A gain stage is an amplification stage. As the audio passes through various devices, it inevitably goes through gain stages to boost the signal.
When using a dynamic or ribbon mic, the first gain stage is the preamp. A condenser microphone requires a current, generally 48 volts, which is called phantom power, and this current is used to power a gain stage built into the microphone.
Not all gain stages are equal. The way audio amplification works, in a nutshell, is like taking a picture of a picture. The source audio that’s being amplified actually gets discarded. It passes through a tube, or a transistor, and then is shunted to ground. But while it is passing through the tube or transistor, the signal is duplicated at a higher voltage. So, just like taking a picture of a picture, there will always be imperfections. The quality of the tubes, the quality of the transistors, the overall design of the circuit will all have an effect on the accuracy and the tone of the amplified signal. Usually, the goal is to amplify the signal as precisely as possible, with minimum distortion or coloration of the audio.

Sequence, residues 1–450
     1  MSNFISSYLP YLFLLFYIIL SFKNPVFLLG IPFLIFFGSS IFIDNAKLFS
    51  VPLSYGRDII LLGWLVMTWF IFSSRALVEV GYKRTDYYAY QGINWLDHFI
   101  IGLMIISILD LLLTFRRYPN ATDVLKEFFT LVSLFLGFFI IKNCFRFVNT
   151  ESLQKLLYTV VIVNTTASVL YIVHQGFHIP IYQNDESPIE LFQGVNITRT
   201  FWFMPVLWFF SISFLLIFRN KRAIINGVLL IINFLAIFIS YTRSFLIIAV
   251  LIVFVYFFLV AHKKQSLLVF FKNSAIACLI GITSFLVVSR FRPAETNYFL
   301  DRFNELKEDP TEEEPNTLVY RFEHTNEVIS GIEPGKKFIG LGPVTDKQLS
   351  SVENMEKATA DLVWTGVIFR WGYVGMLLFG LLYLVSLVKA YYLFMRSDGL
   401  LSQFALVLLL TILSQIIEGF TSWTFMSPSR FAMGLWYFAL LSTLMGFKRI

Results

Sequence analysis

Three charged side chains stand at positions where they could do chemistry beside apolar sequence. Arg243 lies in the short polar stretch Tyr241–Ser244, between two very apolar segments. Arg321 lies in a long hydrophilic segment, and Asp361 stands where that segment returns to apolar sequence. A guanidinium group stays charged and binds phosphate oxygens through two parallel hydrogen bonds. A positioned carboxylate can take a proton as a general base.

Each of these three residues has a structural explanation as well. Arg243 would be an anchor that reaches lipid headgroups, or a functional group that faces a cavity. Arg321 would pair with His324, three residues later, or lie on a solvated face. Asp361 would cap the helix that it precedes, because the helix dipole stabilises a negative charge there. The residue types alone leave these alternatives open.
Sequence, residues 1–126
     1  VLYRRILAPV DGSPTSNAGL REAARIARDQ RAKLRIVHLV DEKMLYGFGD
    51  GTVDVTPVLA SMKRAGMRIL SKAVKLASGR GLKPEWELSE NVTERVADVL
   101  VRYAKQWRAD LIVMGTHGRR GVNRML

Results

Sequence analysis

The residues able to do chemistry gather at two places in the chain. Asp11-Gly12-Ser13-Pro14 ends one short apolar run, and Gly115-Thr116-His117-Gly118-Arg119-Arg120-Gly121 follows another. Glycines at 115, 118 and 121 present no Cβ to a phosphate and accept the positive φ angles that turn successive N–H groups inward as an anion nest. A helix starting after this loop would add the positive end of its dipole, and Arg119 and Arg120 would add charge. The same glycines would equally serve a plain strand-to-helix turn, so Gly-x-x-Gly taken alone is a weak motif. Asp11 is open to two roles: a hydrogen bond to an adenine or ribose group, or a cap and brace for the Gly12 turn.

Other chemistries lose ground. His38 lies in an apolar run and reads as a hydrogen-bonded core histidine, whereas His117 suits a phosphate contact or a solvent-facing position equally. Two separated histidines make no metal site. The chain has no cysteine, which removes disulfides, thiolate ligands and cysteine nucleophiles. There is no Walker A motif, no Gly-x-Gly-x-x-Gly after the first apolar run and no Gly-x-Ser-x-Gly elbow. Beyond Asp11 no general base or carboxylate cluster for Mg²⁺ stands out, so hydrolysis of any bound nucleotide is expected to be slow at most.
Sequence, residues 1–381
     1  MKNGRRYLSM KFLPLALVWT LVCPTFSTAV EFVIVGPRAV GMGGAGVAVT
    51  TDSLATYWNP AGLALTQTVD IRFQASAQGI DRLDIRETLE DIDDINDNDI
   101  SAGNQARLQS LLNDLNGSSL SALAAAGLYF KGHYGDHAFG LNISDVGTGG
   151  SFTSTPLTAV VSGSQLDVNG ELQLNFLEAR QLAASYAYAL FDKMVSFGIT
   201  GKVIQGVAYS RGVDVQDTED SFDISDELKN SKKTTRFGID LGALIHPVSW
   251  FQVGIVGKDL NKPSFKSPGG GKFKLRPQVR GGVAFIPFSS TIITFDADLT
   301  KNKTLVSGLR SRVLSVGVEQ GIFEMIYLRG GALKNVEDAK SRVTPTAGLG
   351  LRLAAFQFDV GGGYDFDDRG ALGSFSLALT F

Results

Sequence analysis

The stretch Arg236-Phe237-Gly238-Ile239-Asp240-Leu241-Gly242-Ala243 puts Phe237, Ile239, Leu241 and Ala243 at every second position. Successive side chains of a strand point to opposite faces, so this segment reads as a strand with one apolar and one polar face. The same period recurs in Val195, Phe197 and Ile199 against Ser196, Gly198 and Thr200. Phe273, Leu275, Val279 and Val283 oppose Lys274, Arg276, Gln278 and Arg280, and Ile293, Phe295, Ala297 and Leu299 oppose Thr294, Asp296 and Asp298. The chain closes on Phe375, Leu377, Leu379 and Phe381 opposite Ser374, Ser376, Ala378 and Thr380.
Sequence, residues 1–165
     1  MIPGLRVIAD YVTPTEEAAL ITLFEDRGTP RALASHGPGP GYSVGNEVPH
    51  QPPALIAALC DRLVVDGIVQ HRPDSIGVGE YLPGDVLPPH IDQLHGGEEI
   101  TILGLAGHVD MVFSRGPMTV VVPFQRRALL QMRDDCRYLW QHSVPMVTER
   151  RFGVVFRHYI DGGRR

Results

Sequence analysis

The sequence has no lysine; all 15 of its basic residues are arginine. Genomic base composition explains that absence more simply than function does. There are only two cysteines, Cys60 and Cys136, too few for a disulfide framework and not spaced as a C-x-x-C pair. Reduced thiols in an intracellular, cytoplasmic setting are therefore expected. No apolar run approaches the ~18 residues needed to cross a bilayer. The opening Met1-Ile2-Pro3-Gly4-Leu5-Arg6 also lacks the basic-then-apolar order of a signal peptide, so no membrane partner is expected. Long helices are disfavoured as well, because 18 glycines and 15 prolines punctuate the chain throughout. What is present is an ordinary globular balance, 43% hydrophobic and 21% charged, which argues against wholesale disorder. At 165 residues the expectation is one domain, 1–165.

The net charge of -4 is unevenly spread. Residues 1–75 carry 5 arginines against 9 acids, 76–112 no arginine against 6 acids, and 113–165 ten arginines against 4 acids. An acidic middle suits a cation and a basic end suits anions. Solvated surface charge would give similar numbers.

Sometimes, however, the inaccuracies can have a desirable effect. The most common example of this is in guitar amplifiers. They are often designed to over amplify the signal which causes high amounts of distortion.
Many microphone preamps are also designed to impart a certain character to the sound, which may suit a particular voice or musical style which the engineer is aiming to achieve.